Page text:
In retrospect, it’s hilarious that Blade Runner takes place roughly a month from this article’s publication date. You don’t see any Replicants running around, and there’s still some blue to Los Angeles’ sky. Escape From New York was prophesied for 1997, and that’s if you disregard the fact that the world was supposed to end that year according to Terminator 2. This idea of a sci-fi future that never was is the crux of Toxic Holocaust’s latest record, Primal Future: 2019.
Vinyl LP, Compact Disc (CD)
“I was thinking it would be funny to take the ’80s—what they thought technology would be like—and apply it to now, and have it where technology is basically taking over,” mainman Joel Grind says of the album’s theme. “We nuke ourselves back to the Stone Age, pretty much. We get so advanced we go back to being primitive.”
Grind’s nuked himself back into recording everything himself, like he did on his first two records, 2003’s Evil Never Dies and 2005’s Hell on Earth. It sounds more raging and apocalyptic, more of the deadly Motörhead-Discharge-Bathory trifecta he wields so well. Toxic Holocaust began as a bedroom project in the middle-of-nowhere Maryland, and Grind, now based in Portland, thought it appropriate to return to the beginning.
“A lot of it had to do with the 20th anniversary [of Toxic Holocuast,] and I wanted to tie everything back to the roots,” he says. Grind also made the record in between changing labels, and couldn’t afford to fly band members out. “It was necessity and also enjoyment, not to say the other records weren’t enjoyable to make, but it’s a different experience, you can work on the record whenever you want. Felt like the old days again.”
If you thought post-rock had the lock on “soundtracks to movies that don’t exist,” well, Grind’s got you beat. There’s ‘80s synth woven throughout Primal Future, weaving in and out of songs and transporting you from one post-wasteland biker romp to the next. He isn’t new to this field, as Grind has released synth-driven solo records before, but this is the first time they’re used in Toxic Holocaust’s context. Even so, the man remains a metalhead punk at heart.
“Most bands, when they do a record, they do a synth intro and that’s it. I thought it would be cool to tie songs with synth interludes, to where it feels more like a soundtrack,” he says. “There’s no synth intro because peoples’ attention spans are so short nowadays, do you want the first listen to be some two-minute synth intro? I’d rather just cut right to the chase.”
In keeping with the Primal Future’s retro-future theme, Grind selected a variety of vintage-sounding electronic records. He admits: “When I go on Bandcamp, I only buy electronic stuff; it’s really bizarre.” None of these picks qualify as metal (only one comes remotely close to rock), and all are fantastic soundtracks for unwinding after a long night at the metal pub or DIY spot. Every hesher needs some time to kick back, after all.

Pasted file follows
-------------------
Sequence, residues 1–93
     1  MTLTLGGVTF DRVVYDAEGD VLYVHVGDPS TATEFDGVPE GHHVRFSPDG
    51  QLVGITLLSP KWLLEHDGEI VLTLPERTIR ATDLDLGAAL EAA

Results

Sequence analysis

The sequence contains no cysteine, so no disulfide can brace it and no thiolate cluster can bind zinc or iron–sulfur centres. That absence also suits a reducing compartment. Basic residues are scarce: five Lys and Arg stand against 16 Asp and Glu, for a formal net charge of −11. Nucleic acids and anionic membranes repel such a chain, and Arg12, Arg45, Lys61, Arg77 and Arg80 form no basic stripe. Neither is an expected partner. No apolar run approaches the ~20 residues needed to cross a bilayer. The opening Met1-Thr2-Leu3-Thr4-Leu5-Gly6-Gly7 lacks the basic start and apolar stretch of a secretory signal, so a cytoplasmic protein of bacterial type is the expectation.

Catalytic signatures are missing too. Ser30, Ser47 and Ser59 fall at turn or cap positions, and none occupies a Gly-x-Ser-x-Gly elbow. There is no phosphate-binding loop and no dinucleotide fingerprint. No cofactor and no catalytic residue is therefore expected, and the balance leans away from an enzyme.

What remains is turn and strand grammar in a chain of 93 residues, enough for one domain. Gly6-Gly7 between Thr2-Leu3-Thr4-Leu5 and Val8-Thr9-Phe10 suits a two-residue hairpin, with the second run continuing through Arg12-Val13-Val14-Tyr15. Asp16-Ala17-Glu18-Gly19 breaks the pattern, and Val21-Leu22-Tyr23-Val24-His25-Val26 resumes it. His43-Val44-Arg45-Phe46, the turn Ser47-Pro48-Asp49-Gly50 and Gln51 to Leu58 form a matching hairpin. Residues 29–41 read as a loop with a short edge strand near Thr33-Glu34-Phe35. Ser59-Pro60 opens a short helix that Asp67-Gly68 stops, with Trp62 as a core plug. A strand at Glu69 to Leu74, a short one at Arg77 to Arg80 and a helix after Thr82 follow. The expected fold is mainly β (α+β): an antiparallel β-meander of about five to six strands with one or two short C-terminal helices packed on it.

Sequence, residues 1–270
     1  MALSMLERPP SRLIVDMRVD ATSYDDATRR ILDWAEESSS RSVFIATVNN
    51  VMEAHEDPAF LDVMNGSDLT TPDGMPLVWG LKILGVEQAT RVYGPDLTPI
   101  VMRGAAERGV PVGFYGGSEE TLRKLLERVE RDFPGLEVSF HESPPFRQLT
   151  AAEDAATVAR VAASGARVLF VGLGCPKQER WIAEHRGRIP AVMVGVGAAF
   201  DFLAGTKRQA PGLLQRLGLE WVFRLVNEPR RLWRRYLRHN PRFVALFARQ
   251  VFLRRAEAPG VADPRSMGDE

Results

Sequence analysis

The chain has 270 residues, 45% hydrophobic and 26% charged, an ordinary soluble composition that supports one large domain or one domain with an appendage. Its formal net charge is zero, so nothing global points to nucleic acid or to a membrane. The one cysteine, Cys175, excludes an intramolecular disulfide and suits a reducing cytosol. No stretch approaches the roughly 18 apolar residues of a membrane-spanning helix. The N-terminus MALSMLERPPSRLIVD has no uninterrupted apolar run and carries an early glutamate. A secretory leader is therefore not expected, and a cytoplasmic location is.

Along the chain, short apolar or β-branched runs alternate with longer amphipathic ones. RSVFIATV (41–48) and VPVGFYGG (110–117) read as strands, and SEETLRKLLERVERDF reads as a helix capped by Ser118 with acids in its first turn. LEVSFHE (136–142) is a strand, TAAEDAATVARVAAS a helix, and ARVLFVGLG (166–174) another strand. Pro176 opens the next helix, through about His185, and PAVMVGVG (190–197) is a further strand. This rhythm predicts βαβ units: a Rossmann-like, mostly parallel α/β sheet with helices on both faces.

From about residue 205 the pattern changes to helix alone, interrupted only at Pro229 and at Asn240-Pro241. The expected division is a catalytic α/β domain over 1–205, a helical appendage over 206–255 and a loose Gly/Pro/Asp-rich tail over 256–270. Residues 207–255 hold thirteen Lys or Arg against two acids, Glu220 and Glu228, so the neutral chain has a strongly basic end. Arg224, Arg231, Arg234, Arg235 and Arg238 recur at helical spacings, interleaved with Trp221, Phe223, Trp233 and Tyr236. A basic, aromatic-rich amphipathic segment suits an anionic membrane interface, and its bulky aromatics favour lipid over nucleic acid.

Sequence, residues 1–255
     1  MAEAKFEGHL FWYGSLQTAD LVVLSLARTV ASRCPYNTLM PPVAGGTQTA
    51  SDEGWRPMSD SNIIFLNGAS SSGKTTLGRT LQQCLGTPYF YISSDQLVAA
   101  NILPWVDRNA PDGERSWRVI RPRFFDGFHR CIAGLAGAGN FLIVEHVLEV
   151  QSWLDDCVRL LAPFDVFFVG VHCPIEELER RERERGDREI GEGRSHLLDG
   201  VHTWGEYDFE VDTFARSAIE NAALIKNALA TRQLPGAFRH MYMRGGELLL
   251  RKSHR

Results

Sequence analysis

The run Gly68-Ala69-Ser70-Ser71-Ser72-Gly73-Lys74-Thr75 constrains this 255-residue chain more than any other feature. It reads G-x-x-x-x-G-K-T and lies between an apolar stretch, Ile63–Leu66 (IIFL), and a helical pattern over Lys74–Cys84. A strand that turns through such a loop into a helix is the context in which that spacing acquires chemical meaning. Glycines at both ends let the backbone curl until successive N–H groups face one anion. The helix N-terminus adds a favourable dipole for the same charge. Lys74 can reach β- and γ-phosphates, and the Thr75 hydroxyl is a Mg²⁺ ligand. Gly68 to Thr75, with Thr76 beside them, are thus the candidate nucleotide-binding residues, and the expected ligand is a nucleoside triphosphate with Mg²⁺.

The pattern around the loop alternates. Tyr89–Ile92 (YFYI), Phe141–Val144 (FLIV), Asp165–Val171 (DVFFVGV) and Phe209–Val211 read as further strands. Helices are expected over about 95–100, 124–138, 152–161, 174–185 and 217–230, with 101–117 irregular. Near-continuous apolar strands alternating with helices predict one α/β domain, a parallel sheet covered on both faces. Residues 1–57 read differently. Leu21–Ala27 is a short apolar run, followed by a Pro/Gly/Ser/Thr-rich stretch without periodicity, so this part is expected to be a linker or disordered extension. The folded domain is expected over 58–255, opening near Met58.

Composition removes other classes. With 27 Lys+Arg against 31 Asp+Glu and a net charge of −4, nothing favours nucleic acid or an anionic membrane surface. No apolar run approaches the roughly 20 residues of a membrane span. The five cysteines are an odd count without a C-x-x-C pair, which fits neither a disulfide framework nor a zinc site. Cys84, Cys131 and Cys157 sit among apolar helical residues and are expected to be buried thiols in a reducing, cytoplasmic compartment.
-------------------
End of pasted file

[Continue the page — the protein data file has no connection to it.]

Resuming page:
Distant Observation of Solar Activity
Another Berlin-influenced record, this time hailing from France; a celestial brightness permeates AEM’s Distant Observation of Solar Activity, which features more pronounced guitar work compared to their German peers. “To be honest, I’m not a huge Pink Floyd fan,” Grind admits. “I do kind of like that they have elements of that, where they have more guitar. It adds more of a psychedelic element to it.”
Compact Disc (CD), Vinyl LP
German ambient that keeps the country’s sound alive, very reminiscent of old Tangerine Dream and Klaus Schulze: “I’m a huge Tangerine Dream fan, and anything like that, I’m already for it. It is very Tangerine Dream-like, I like the sound of the record and the synth choices. I feel like if I smoked weed, this would be very good music to listen to.”
Exoplanets Vol. 2
Going even further down the Berlin school rabbithole, this is an even more drifty and dreamy effort from Lancashire, England-based composer Paul Nagle. For Grind, the record excels not just merely of how it sounds, but how it functions in an everyday listening environment. “There’s a time and place for music,” he says. “When I hear that people are just into one kind of music, I’m like, ‘Why?’ Stuff like that [Exoplanets Vol 2] is really cool, like when I’m answering emails—it’s something more cerebral, you’re hearing it in the background, you’re listening to it, but you don’t have to pay full attention to it.”
A Moment of Stillness
If you told us this A Moment of Stillness—one of the many ambient release from the Vilnius, Lithuania-based project Stellardrone—was actually recorded in space, it’d seem pretty damn plausible. “I really like a lot of those spacey ‘70s records, like Jean-Michel Jarre,” Grind says. “I really like that atmosphere put into records, it lets your mind wander. When you play metal, you write metal, it’s cool to have a contrast. It’s a lot different from what I would normally play. On tour, I think the perception is metal bands just listen to metal all the time in the tour van. We play books on tape and stuff like this; after a show, the last thing you want to listen to is some insane shit.”
Compact Disc (CD)
This Detroit-based trio specialize in driving synth-rock, the sort of thing you’d listen to making your own cut of Susperia. “I dig that Zombi thing with live drums,” says Grind. “It harkens back to Goblin, where it’s a band playing soundtracky type stuff. It adds an organic element to electronic music.”